Food + Drink

From the Chronicle Kitchen: Cocktails for a Crowd

This week guest blogger Kara Newman offers up smart tips for the upcoming holiday, plus a fabulous recipe from Cocktails for a Crowd.

Cocktails for a Crowd

Fourth of July Entertaining: 6 Reasons To Pre-Batch

When it comes to entertaining guests for your annual Fourth of July bash, pre-batching is the way to go.

A “pre-batched” drink is one that is measured out and mixed together ahead of time. There still may be small touches to add in at the last minute – adding ice, for example, or pouring in a bottle of sparkling wine – but the more that I can do before the first knock on the door, the more likely I am to be found enjoying the party. Here’s why I prefer to pre-batch:

1. No one waits for a drink. Thirsty guests aren’t happy guests! And no one needs to wait for me to measure out a French 75, ounce by painstaking ounce. But writ large into a punchbowl, guests can ladle out their own portions.

2. No one feels weird about going back for seconds! See above…

3. Less mess. Splashes from syrups. Peels from garnishes. Sticky, near-empty bottles. No one needs to see that, right? I prefer to do all the prep work and pouring before guests arrive, and then I can clean up my workspace (and myself!) so everything at least looks effortless.

Cocktails for a Crowd

4. Controlled dilution. No one likes a watered-down cocktail courtesy of sloppy, melting ice cubes. But a little advance planning means you can control how much ice/water gets added: creating large blocks of ice means a slower melt in a punch bowl or a pitcher, while adding a modest amount of water to a bottled cocktail simulates the effect of ice rattled about in a cocktail shaker.

5. Festive centerpiece. A well-placed large-batch cocktail can be striking. Gorgeous punchbowls made from silver or cut glass? Tiki drinks in a fishbowl? (A well-cleaned one, of course.) A galvanized bucket filled with ice and bottles of pre-mixed cocktails in different colors? Just imagine what might look best at your party.

6. I get to enjoy the party! If I’m not stuck behind the bar squeezing lemons, that means I’m free to ladle out my own helping of a French 75 punch, and can head off to socialize with friends and family. Now, that’s what I call Independence Day!

French 75 recipe from Cocktails for a Crowd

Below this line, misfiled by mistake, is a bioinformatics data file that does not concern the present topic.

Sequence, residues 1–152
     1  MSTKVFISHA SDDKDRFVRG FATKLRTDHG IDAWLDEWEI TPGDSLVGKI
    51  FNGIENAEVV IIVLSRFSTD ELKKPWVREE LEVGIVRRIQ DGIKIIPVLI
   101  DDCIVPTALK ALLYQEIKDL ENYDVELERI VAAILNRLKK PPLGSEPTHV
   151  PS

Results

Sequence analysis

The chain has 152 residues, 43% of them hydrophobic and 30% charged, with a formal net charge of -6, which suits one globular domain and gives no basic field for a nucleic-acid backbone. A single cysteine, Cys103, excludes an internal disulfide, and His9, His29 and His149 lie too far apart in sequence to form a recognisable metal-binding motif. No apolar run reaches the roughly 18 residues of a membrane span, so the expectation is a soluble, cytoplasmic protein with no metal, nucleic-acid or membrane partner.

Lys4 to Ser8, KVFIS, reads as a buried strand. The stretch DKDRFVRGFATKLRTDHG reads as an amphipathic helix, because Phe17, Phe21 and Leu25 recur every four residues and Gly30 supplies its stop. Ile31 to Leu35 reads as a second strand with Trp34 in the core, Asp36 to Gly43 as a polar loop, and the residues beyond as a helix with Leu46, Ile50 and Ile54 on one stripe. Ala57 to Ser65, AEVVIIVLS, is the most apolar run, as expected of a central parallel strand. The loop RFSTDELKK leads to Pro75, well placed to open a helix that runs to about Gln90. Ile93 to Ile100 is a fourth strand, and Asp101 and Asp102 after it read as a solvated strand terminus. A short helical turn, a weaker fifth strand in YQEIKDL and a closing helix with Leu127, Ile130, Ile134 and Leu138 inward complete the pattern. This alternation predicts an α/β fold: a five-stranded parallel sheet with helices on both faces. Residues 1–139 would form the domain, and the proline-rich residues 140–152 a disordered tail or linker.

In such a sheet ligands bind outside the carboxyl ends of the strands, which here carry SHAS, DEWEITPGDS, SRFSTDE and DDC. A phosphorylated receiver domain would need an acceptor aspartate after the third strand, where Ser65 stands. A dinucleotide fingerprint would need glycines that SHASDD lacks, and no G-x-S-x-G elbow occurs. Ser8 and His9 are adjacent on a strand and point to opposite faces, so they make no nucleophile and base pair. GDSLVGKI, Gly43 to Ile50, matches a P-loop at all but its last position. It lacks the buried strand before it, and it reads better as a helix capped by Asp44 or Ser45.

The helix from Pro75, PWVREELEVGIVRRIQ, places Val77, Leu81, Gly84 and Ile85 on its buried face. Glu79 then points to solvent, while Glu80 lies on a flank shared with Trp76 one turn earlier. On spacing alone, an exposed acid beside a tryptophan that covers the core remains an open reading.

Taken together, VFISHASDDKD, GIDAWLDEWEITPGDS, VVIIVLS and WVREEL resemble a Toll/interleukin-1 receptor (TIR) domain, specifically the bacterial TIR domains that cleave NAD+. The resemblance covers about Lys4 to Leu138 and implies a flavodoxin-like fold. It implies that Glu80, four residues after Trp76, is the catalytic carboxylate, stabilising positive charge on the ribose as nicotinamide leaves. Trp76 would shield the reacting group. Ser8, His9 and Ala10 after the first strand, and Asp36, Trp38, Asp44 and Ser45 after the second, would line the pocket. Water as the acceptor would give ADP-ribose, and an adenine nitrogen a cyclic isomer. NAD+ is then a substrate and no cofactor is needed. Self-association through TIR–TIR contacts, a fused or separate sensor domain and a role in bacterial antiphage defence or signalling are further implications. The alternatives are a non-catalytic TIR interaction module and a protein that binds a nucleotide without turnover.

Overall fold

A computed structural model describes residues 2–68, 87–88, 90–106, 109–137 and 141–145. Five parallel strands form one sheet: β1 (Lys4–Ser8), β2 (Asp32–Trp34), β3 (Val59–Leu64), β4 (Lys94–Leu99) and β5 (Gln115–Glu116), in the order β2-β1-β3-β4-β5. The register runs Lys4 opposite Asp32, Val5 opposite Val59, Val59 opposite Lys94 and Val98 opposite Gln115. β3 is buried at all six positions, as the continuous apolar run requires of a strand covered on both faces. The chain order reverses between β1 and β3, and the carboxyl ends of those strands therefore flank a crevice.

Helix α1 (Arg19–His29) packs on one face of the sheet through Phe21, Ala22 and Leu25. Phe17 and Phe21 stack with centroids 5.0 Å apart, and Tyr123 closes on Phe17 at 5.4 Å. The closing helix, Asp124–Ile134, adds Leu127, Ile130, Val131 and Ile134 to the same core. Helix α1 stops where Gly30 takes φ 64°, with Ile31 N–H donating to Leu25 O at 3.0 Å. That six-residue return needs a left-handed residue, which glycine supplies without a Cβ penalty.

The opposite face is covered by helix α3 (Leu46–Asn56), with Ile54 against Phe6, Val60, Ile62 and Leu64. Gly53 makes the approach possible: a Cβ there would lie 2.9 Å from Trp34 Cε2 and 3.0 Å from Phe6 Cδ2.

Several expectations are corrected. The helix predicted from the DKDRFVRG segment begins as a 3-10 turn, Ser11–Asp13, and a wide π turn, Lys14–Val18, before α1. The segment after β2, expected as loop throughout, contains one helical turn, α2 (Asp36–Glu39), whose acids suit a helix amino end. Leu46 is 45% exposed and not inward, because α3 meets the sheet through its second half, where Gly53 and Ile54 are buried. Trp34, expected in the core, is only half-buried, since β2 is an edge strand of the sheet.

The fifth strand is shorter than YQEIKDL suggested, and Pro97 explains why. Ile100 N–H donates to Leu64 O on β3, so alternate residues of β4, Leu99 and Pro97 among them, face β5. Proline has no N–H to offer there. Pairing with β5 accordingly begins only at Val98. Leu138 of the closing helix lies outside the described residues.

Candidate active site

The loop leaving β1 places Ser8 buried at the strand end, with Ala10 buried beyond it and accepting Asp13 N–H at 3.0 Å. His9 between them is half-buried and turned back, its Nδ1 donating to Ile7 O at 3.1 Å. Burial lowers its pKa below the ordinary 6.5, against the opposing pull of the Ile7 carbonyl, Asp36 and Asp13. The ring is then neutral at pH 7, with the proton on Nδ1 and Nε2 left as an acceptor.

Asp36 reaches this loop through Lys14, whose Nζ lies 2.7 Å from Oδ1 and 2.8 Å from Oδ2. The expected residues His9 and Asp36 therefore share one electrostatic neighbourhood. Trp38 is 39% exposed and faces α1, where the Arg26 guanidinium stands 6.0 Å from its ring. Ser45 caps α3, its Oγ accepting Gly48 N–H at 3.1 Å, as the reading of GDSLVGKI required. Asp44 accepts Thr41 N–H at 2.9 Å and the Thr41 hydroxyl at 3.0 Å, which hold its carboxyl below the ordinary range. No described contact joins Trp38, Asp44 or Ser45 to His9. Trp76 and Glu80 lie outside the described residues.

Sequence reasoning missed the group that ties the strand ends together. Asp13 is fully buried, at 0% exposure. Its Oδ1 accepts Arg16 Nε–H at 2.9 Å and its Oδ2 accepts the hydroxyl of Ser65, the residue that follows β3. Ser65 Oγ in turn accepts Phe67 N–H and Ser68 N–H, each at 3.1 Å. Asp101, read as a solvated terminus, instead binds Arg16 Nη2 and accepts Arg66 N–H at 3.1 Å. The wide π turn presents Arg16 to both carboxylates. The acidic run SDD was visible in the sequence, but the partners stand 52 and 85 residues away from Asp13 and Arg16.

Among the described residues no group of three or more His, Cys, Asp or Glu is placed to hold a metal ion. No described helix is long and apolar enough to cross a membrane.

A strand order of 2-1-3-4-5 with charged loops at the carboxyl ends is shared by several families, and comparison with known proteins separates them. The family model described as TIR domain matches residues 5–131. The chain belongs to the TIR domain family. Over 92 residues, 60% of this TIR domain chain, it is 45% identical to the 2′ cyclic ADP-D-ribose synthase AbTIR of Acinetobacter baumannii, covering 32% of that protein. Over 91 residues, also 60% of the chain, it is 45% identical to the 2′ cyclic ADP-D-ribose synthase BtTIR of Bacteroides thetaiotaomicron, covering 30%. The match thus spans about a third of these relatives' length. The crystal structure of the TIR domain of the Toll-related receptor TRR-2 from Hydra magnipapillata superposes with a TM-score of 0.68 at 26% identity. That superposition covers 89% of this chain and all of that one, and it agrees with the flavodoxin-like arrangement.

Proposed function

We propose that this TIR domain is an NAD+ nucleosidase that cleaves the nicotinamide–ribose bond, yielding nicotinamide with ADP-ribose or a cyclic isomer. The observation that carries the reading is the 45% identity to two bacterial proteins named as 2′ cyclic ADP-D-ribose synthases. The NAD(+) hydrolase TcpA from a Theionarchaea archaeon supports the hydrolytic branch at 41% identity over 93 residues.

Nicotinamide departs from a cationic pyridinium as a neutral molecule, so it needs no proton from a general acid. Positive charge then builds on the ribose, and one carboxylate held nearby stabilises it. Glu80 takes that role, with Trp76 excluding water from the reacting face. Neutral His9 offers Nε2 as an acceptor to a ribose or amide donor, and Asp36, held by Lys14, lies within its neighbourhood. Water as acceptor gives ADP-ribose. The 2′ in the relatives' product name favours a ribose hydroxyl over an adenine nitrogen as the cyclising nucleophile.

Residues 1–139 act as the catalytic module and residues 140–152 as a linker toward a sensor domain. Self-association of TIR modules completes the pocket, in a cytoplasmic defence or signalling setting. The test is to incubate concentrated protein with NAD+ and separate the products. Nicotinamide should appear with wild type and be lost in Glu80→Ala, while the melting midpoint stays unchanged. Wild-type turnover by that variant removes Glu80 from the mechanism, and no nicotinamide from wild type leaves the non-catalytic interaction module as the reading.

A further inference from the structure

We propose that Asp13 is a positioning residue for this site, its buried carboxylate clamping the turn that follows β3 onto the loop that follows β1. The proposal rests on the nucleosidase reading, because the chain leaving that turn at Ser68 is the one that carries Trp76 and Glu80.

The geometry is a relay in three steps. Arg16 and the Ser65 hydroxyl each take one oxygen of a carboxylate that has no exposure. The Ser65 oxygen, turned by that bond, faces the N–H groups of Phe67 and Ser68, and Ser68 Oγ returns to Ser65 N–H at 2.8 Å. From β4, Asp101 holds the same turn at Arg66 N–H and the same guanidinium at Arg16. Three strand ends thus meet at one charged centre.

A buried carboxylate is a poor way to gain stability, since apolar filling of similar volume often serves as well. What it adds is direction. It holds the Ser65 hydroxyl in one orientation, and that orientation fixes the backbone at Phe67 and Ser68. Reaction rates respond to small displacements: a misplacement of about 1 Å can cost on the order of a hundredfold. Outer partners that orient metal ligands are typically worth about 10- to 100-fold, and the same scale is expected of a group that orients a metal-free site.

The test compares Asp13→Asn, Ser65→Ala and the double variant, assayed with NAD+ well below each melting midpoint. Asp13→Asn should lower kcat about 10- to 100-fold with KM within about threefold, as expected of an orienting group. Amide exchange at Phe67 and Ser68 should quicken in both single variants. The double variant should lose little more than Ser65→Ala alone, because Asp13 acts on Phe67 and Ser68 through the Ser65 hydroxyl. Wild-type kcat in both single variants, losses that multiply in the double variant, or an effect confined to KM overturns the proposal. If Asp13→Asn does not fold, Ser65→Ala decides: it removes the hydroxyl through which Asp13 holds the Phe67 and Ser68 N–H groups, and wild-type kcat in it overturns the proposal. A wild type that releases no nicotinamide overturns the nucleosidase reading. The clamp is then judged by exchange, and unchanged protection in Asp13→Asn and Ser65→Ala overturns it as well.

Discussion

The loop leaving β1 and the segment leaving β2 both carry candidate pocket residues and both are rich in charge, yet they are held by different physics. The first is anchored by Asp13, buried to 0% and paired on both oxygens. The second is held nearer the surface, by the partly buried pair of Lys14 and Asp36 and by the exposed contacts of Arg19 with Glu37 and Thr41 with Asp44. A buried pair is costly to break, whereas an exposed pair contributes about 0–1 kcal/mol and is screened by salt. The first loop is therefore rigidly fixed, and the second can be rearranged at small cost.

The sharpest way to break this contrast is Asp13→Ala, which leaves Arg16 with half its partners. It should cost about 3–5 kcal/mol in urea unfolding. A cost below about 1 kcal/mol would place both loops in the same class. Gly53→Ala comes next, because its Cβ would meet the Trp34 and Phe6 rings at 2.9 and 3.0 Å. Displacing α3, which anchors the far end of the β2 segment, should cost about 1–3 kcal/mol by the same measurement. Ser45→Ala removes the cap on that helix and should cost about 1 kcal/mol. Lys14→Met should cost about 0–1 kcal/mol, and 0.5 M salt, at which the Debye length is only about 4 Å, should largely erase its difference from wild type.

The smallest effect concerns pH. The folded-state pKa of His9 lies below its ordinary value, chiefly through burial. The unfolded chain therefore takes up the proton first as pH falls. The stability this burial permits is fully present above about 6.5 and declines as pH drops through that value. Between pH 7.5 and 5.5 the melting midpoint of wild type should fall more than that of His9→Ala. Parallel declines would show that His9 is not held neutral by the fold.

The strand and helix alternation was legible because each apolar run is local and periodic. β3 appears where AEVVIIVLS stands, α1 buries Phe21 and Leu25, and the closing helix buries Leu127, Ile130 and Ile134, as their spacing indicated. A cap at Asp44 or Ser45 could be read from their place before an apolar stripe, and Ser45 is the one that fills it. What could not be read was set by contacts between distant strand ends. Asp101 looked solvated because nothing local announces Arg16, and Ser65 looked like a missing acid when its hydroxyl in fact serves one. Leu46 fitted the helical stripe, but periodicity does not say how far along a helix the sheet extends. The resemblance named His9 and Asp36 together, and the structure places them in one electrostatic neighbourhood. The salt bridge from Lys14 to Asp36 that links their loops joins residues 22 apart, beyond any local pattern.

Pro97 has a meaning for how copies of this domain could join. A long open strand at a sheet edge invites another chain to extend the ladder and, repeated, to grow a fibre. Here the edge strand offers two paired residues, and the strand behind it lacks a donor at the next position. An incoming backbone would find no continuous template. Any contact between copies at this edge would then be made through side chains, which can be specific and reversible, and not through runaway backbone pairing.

French 75 Punch

Serves 8
Total volume: 7 3/4 cups (without ice)

The French 75 is a classic cocktail usually made with cognac, though gin is sometimes substituted, and that’s the spirit I call for in this recipe. It typically isn’t served as a punch but works quite well in this format. Serve this fresh, fragrant variation at any occasion that calls for toasting, like a brunch or a bridal or baby shower.

A simple chunk of ice, such as one frozen in a loaf pan or bowl will suffice, but for a special, decorative touch, consider freezing orange wheels inside the ice.

16 ounces (2 cups) gin (preferably a London dry gin, such as Tanqueray)
8 ounces (1 cup) freshly squeezed lemon juice
6 ounces (3/4 cup) Simple Syrup (see separate recipe)
1/2 teaspoon orange bitters
32 ounces (4 cups) dry Champagne or other sparkling dry white wine, chilled
1 large ice block or two smaller blocks
8 orange wheels, for garnish

In a punch bowl, combine the gin, lemon juice, simple syrup, and bitters and stir until thoroughly blended.

Just before serving, pour in the Champagne and stir gently. Add the ice and garnish with the orange wheels.

To serve, ladle into punch glasses.

You can find Cocktails for a Crowd here.

Kara Newman

Kara Newman

Kara Newman is the spirits editor at Wine Enthusiast magazine and the author of Nightcap, Shake. Stir. Sip, and Cocktails for a Crowd. She lives in New York City.
Kara Newman


1 Comment

  • Genny July 1, 2013 at 12:21 pm

    I made this cocktail for an Easter party this past spring (with a lovely lemon and orange slices in an ice mold made in a vintage tin gelatin mold) and it was a huge hit. Everyone loved the bubbly twist to a punch bowl cocktail and it was easy to refill as the day went on. Mmm, gin and champagne–my favorites.
    Thanks for the recipe, Kara!


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